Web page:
### Codebank: Finding nth prime

Not the fastest but an elegant code written by me.

 ``1234567891011121314151617181920`` ``````// This code was written by Mert Ener #include #include // Requires a run button on Windows form. private: System::Void button1_Click_1(System::Object^ sender, System::EventArgs^ e) { UInt64 cloc = clock(); long o, m = 1; long k = long::Parse(textBox1->Text)-2; // The textbox you entered for the nth prime. vector p(1,2); for( long n = 0; n <= k; n++ ) { m += 2; for( long l = 1;o=p[l],o*o<=m; l++ ) { if (m % p[l] == 0) { m += 2; l=0;}} p.push_back(m);} textBox2->Text = p[k+1].ToString(); // The textbox for the result. MessageBox::Show("It took me " + (clock() - cloc).ToString() + " milliseconds to find your prime.");}``````
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Got an error on line 6 when I compile. This looks a bit like Java
 This looks a bit like Java

Looks like C++\CLI - Microsoft's managed version of C++.

Although I don't think line 6 would compile anyway.
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Oh sorry, my bad. That's right
 Looks like C++\CLI - Microsoft's managed version of C++.

It is a code written with VS2012 in C++.Net. It is for a windows userform with two textboxes and line 6 represents a click to run button.
The core of the code is here
 ``1234567891011`` ``````long o,m = 1; long k = "nth prime you like"; vector p(1,2); for( long n = 0; n <= k; n++ ) { m += 2; for( long l = 1;o=p[l],o*o<=m; l++ ) { if (m % p[l] == 0) { m += 2; l=0;}} p.push_back(m);} "The result is" = p[k+1]``````

and you may modify it as you like.
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Yeah, your code also looks cool! In the forums, it has been said 4 sec. is a optimistic result for 1000000th prime. My code finds in less than 2 seconds on an ordinary pc.
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I get floating point exception when I run yours
Yeah, can be. No problem. The code changed a bit also. I'll update in a free time.
Finally, it is a shortened and stable version of my original code.

 ``12345678`` ``````int k = "the nth prime you like" -1; int l,m=1,n,o; int*p;p=new int [k+1],p[0]=2; for(n=1;m+=2,n<=k;p[n]=m,n+=1) for(l=1,o=3;o*o<=m;(m%o==0)?(m+=2,l=1,o=3):(l+=1,o=p[l])); "the result" = p[k]``````

In fact the exact expression of my original code is this below. Even it is a shorter and slightly faster way,
 ``12345678`` ``````int k = "the nth prime you like" -1; int l,m=1,n,o; int*p;p=new int [k+1],p[0]=2; for(n=1;m+=2,n<=k;p[n]=m,n++) for(l=1;o=p[l],o*o<=m;(m%o==0)?(m+=2,l=1):(l++)); "the result" = p[k]``````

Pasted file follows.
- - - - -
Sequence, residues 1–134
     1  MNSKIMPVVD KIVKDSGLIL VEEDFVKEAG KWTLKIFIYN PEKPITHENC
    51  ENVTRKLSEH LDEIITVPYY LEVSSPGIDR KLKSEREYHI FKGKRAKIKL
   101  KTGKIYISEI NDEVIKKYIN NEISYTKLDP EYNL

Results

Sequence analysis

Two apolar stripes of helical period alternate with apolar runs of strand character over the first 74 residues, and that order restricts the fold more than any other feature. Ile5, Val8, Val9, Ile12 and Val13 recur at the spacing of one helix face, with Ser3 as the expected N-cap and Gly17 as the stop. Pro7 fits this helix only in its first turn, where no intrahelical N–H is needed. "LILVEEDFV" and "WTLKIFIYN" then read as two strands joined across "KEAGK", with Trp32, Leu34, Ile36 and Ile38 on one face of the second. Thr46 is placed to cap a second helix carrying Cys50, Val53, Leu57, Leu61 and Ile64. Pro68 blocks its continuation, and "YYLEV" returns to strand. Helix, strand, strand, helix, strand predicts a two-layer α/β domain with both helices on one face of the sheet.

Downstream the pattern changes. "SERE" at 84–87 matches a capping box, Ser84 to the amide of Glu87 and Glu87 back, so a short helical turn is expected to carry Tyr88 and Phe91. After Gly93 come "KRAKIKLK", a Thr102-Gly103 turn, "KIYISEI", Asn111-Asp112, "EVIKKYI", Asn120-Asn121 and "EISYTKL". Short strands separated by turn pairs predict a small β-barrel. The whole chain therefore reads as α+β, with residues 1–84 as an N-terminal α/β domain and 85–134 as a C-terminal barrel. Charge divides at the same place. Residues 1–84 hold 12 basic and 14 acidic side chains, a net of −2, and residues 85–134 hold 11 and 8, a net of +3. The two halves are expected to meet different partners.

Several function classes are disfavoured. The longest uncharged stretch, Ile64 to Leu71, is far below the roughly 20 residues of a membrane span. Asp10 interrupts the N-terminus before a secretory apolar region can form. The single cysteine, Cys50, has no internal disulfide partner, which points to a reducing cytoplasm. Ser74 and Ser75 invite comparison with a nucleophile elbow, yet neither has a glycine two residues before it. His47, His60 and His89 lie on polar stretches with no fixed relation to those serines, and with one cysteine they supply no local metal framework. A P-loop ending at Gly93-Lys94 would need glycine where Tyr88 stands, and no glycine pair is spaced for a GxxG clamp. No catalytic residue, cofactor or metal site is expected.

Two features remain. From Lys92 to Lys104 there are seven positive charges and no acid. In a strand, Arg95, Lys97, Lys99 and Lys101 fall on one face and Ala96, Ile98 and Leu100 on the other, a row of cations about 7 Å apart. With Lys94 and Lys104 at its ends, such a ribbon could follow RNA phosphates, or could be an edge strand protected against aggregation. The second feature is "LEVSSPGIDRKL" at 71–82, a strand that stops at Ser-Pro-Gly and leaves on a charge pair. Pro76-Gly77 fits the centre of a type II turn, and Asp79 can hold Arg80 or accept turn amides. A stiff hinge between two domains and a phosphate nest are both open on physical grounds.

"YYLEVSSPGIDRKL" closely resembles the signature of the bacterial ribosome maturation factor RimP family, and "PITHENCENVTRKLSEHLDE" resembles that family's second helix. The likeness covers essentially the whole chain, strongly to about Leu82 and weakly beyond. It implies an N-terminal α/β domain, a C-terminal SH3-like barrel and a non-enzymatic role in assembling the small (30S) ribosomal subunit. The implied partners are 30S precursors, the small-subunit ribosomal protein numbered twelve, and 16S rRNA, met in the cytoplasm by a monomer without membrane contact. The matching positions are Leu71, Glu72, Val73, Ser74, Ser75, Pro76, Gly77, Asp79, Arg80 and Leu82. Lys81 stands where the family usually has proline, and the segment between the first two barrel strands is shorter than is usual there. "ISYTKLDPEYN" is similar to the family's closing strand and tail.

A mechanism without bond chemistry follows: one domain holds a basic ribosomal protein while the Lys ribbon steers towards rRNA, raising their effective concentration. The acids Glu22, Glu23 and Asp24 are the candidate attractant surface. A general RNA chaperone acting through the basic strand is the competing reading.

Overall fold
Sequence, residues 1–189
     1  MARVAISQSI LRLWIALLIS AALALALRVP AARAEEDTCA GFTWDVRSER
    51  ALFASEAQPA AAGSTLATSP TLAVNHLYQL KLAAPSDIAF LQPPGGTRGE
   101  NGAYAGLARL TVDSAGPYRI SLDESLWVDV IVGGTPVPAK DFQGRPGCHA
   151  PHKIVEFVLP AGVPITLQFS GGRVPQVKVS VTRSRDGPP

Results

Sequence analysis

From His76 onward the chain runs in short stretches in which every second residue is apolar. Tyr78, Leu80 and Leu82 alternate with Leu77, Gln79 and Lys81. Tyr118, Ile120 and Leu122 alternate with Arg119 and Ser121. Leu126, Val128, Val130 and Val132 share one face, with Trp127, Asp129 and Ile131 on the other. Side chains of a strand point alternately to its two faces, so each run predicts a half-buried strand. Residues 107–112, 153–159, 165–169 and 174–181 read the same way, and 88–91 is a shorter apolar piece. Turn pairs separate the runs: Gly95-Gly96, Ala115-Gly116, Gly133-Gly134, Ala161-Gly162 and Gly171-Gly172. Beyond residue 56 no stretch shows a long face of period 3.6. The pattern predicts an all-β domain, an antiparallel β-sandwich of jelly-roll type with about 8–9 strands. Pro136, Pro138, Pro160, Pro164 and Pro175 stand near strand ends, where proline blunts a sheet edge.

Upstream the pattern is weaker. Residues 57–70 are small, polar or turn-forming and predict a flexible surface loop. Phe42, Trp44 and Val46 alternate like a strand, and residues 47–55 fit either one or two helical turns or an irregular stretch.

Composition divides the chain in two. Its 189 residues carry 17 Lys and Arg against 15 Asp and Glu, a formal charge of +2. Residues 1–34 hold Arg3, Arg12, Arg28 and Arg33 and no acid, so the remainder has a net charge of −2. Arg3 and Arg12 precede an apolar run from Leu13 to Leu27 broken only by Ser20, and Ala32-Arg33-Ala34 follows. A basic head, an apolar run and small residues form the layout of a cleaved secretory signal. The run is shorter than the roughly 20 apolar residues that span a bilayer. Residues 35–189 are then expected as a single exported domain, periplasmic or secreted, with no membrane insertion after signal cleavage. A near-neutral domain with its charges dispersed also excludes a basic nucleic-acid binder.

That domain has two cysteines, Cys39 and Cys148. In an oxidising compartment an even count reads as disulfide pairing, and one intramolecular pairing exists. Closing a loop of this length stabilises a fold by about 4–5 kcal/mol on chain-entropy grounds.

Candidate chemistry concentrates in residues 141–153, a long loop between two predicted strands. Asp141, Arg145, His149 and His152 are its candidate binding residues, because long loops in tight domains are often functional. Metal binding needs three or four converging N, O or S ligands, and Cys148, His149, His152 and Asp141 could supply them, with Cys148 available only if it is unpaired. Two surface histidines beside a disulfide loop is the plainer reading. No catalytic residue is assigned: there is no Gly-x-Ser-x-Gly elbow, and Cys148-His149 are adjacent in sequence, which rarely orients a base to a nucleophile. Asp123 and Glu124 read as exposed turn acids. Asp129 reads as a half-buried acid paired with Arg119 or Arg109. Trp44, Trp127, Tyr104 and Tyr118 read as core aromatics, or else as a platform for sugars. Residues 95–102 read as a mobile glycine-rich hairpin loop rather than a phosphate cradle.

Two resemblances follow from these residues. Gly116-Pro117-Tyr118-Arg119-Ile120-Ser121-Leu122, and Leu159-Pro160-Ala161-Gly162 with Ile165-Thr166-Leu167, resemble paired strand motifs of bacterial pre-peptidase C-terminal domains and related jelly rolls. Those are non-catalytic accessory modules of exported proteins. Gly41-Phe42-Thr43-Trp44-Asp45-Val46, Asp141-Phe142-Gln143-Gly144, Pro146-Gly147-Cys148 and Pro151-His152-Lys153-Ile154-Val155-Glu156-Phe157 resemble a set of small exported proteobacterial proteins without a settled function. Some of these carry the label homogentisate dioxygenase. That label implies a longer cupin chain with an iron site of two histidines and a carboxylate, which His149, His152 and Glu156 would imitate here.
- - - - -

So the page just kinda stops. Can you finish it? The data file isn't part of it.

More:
however it is unstable because of memory initialization issues and I couldn't overcome it. After 1000000th query it is giving division-by-zero error. Sometimes o gets 0 value even there is nothing such as 0 in array p. I can prove it because it runs so well around 1000000th queries. And m%0 causes the error. That's why I had to secure o many times in the first code. If someone can handle it, will be my welcome.
But the first code runs perfectly for 10000000th query around 40 seconds on an ordinary pc.
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 ``12345678910111213141516171819202122232425262728293031323334`` ``````#include #include #include #include #include #include int main() { constexpr std::size_t n = 10000000 ; // use the prime number theorem to get an upper bound on the nth prime const auto logn = std::log(n) ; const std::size_t SZ = n * ( logn + std::log(logn) ) + 1 ; assert( SZ < std::numeric_limits::max() ) ; // generate a prime number sieve upto the upper_bound std::vector sieve( SZ, true ) ; const std::size_t RP1 = std::sqrt(SZ) + 2 ; for( std::size_t i = 2 ; i < RP1 ; ++i ) if( sieve[i] ) for( std::size_t j = i+i ; j < SZ ; j += i ) sieve[j] = false ; // and count till the nth prime number std::size_t cnt = 0 ; for( std::size_t i = 2 ; i < SZ ; ++i ) if( sieve[i] ) { ++cnt ; if( cnt == n ) { std::cout << "the " << n << "th prime number is " << i << '\n' ; break ; } } }``````

http://liveworkspace.org/code/1Ti4nB\$1

 ``12`` `````` constexpr std::size_t n = 10000000 ; ``````

constexpr: unidentified,
size_t: cannot be defined in current scope,
n: expected (;)
errors.
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You need a compiler that supports C++11, the latest standard of C++ that was released in 2011.

Branflakes91093 wrote:
Looks like C++\CLI - Microsoft's managed version of C++.
Just like with Windows, they actually use a forward slash and not a backslash.
Wowww, It is amazing! I didn't know about that "Sieve of Eratosthenes" therorem. It works around10 times faster than my code! Amsome ;) It has some logarithmic expressions. I'll inspect this.
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> I didn't know about that "Sieve of Eratosthenes" therorem.

The theorem is called the "prime number theorem"
http://en.wikipedia.org/wiki/Prime_number_theorem

The algorithm used for generating prime numbers is the "sieve of Eratosthenes"; the oldest and also the simplest sieve algorithm.
http://en.wikipedia.org/wiki/Sieve_of_Eratosthenes
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